I learned that it was Friday upon slithering blithely back into my palatial home (through the front door) and staring down my ceiling-calendar (through my front eyes) until it finally confessed that the day was Friday—not yet Slatternday, but not still Thrudsday either. I relaxed and spent the day plotting and scheming which New Years parties I would invite myself to tomorrow, and how I would go about inserting myself into them if I met with any resistance.

Friday ended. Slatternday arrived in all its slatternly wonders and, after finally plugging several persistent plot holes in this week’s inscrutable narrative, I finally finalized my holiday itinerary.

As the Sun sank below the horizon, I donned my finest pepperoni-patterned leisure suit, blackest bolo tie, and fuzziest burnt-umber fez. At precisely six by the clock, with a bag of fresh-cooked pincer monkey wings in hand as a burnt offering, I knocked on my new neighbor’s door, intent on crashing his party first. There was no answer after the first fifty-seven knocks; I peered in through the front window and saw the lights were out. No one was home. I took a step back and saw the note taped to the door. It was inches from where I had been pounding on the wood mere moments before, and it read:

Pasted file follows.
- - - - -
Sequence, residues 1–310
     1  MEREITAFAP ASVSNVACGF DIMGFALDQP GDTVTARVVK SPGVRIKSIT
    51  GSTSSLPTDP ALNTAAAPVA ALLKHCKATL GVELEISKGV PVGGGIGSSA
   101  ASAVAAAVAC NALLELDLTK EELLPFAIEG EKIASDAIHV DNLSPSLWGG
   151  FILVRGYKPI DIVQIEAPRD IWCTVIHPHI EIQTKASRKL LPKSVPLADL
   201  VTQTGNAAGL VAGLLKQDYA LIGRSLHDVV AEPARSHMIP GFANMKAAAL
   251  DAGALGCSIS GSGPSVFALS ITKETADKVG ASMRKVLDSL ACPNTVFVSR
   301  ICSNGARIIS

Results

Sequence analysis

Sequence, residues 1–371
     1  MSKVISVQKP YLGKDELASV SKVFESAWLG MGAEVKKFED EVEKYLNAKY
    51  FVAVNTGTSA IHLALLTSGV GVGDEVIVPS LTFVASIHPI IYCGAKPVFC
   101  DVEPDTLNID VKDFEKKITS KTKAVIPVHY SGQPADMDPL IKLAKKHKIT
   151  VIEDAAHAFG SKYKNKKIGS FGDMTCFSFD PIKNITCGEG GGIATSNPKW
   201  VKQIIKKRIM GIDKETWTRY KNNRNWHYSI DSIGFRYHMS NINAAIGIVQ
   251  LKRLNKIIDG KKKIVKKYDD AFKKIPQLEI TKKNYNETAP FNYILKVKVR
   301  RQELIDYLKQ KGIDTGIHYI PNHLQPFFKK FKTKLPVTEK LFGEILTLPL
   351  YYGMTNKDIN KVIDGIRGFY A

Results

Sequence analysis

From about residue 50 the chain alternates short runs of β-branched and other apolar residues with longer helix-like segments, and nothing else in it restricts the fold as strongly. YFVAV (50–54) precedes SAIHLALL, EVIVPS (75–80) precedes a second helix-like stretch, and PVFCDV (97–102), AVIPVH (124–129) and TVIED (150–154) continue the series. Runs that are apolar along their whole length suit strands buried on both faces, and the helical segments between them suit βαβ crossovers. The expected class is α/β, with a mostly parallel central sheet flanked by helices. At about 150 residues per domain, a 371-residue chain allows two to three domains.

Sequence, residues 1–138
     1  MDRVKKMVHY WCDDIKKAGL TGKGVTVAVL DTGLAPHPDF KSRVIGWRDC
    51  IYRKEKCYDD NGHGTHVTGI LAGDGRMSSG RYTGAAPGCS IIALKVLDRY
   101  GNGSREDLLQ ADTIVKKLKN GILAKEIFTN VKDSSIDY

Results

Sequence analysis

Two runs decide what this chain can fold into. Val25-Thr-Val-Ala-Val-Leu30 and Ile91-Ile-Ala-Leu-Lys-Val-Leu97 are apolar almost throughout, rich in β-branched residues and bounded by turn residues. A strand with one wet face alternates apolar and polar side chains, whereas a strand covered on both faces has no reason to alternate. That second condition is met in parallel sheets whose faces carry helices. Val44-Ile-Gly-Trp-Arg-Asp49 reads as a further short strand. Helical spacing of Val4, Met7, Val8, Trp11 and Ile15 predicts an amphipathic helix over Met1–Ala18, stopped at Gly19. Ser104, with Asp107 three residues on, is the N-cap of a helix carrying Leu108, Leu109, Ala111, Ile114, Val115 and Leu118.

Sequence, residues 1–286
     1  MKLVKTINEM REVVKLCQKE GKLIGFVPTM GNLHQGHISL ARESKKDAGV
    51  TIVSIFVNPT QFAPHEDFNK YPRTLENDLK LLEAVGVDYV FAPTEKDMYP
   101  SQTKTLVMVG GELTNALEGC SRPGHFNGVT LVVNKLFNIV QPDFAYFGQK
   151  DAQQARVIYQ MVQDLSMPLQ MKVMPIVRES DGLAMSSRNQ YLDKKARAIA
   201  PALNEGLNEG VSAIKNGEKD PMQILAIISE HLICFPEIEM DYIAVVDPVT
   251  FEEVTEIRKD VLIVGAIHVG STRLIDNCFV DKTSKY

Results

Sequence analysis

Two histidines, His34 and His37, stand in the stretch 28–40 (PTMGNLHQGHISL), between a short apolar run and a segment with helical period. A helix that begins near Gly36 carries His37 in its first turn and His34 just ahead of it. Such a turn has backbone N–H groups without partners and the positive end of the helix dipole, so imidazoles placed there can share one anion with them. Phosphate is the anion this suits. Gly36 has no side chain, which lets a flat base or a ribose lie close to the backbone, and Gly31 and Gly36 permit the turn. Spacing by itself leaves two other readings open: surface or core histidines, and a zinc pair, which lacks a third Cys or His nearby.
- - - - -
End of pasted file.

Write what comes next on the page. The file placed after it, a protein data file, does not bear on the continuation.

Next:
I’m out looking for my lost cat again. Party canceled. Mr. Van der Woobie is having a party next door—why don’t you go harass him for a while?

I squeaked in glee: I had planned to crash Mr. Van der Woobie’s party at seven by the clock, but now I could get there an hour early! I squealed like a redheaded and befreckled little girl still in her pigtails and then scootled across the street to Mr. Van der Woobie’s house, only stopping because the front door was closed and locked and I wasn’t in the mood to break down any doors today (or break my nose trying).

I knocked. Fifty-eight times.